We see mother cats grooming their babies and all cats grooming themselves.
We know that licking is the way that cats care for their coats, and even though we don’t have fur, our cats lick us, too!
Cats groom themselves and their kittens for hygiene and health reasons. Their rough tongues act almost like a comb to smooth out matted hair. They are also able to find and remove parasitic pests with their licking. Regular self-grooming in a cat is a sign that the cat is well because sick cats are less likely to groom themselves and can appear unkempt. We don’t often have matted hair and we don’t usually have fleas or ticks, so why would our cats lick us?
We can’t explain to our cats that we don’t have mats or bugs, but shouldn’t it seem apparent to our cats that we don’t have the same hair as they do? Maybe hair knots and pests aren’t the only reason our cats want to lick us. If we try to imagine what it’s like to be a cat and how a cat might view a human companion, the behaviors begin to make more sense.
For cats, grooming is a health necessity, but is also a bonding behavior. Social animals all have their own behavioral routines or interactions. Some people do not think of cats as particularly social, but they are. Cats can exist happily as solitary creatures, but in settings with adequate resources (like plentiful food and resting places), cats can also reside peacefully in a colony or group1.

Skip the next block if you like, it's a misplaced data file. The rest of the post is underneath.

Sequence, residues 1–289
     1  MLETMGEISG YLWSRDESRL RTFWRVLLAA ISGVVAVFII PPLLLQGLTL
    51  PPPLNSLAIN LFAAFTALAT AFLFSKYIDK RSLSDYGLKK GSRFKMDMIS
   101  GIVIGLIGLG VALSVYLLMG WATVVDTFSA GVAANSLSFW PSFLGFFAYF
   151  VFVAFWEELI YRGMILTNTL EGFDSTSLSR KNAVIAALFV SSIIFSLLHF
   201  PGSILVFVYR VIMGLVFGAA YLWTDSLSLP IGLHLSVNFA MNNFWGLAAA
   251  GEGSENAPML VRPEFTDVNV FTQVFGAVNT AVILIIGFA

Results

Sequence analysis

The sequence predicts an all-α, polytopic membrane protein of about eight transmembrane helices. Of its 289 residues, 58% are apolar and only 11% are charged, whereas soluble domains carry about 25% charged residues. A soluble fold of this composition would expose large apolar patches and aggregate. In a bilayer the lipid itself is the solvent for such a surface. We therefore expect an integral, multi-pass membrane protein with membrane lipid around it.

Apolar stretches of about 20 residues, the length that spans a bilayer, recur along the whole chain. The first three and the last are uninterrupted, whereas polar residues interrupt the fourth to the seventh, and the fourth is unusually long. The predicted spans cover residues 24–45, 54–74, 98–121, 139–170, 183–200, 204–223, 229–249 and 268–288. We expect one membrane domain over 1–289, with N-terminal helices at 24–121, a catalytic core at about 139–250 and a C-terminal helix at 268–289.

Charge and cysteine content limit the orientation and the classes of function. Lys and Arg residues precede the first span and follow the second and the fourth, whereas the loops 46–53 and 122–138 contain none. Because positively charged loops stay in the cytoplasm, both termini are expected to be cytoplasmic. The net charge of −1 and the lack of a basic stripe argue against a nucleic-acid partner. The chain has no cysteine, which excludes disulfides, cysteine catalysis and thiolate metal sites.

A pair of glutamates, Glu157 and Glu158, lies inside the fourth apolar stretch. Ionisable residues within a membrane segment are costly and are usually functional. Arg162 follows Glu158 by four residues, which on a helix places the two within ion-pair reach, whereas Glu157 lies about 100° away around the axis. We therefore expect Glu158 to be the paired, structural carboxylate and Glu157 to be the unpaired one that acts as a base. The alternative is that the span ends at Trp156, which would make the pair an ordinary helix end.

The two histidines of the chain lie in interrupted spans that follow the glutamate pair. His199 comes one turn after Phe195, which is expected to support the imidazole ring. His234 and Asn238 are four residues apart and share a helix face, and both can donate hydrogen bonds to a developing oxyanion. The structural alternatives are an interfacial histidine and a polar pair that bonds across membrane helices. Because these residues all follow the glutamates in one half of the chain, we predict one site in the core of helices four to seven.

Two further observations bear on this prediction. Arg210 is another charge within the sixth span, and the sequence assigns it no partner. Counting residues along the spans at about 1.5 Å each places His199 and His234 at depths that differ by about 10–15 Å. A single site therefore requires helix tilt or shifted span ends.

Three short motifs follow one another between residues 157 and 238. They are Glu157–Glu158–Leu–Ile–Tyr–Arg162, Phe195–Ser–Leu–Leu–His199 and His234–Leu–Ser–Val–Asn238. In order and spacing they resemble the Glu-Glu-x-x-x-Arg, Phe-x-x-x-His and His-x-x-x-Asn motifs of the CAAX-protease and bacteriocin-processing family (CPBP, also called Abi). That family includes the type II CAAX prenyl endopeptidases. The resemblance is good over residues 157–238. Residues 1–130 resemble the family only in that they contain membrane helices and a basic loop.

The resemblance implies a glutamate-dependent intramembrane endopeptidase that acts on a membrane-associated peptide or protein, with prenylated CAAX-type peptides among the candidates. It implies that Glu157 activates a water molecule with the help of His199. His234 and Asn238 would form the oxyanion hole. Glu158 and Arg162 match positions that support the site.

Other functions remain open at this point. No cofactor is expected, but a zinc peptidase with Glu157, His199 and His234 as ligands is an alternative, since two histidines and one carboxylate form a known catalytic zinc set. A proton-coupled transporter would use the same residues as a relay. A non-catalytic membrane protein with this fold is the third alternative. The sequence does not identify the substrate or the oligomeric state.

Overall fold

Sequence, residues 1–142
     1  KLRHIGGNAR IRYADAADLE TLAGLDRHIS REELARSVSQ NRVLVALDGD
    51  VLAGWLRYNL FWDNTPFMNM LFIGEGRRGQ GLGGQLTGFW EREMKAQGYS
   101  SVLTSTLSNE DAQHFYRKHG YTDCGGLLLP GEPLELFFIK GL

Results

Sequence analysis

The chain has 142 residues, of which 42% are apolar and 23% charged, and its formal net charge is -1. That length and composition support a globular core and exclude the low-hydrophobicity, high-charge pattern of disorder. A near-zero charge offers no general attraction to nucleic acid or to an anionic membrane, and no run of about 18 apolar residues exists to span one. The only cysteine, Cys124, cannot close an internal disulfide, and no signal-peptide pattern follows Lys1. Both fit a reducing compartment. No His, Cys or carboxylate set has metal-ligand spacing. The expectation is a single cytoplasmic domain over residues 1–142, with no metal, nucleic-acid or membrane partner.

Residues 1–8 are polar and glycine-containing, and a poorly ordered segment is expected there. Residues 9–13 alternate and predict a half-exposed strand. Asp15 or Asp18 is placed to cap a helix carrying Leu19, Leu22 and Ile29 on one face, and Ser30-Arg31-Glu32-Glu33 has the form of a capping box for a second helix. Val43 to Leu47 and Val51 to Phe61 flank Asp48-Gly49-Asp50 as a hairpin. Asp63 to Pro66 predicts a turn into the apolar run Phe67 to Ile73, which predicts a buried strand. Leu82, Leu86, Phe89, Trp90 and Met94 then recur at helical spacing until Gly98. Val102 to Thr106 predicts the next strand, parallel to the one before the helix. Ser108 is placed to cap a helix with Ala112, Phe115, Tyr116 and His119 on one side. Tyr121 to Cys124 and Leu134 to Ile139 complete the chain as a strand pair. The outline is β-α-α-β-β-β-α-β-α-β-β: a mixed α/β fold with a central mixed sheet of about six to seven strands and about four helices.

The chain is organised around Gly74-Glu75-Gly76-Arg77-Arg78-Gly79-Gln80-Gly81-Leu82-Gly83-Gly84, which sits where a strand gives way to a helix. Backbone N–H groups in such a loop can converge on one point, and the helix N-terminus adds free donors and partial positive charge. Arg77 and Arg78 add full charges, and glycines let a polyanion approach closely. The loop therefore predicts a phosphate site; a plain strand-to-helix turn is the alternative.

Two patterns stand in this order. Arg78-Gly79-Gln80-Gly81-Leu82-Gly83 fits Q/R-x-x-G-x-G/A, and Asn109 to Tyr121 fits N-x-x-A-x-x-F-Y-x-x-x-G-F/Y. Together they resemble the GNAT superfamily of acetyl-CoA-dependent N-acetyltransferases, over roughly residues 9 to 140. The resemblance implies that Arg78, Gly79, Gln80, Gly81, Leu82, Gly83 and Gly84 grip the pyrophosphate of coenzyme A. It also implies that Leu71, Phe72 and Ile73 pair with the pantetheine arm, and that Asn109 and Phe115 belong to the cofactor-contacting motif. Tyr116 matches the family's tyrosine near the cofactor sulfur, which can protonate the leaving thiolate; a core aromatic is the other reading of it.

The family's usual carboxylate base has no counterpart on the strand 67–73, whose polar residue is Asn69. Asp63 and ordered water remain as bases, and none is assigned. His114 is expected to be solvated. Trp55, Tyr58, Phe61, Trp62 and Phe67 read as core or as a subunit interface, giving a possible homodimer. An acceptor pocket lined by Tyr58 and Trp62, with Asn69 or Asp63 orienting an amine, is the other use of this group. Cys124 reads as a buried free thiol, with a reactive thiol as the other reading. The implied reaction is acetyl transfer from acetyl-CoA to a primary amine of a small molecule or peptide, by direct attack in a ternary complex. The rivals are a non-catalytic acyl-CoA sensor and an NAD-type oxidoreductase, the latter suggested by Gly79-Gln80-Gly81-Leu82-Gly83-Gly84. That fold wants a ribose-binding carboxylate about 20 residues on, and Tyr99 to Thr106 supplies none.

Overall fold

Licking and grooming behaviors are called allogrooming and they are observed as normal interaction between cats living in groups. Cats are most likely to engage in allogrooming with their closest associates.
When your cat chooses to lick you, he is indicating not only his desire for you to be healthy and parasite-free, but also that he wants to bond with you. He likes you and values you. Whether you enjoy the licking it or not, it’s just your cat’s way of saying, “I love you.”
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- Social organization in the cat: a modern understanding. J Feline Med Surg.2004 Feb;6(1):19-28. Crowell-Davis SL, Curtis TM, Knowles RJ.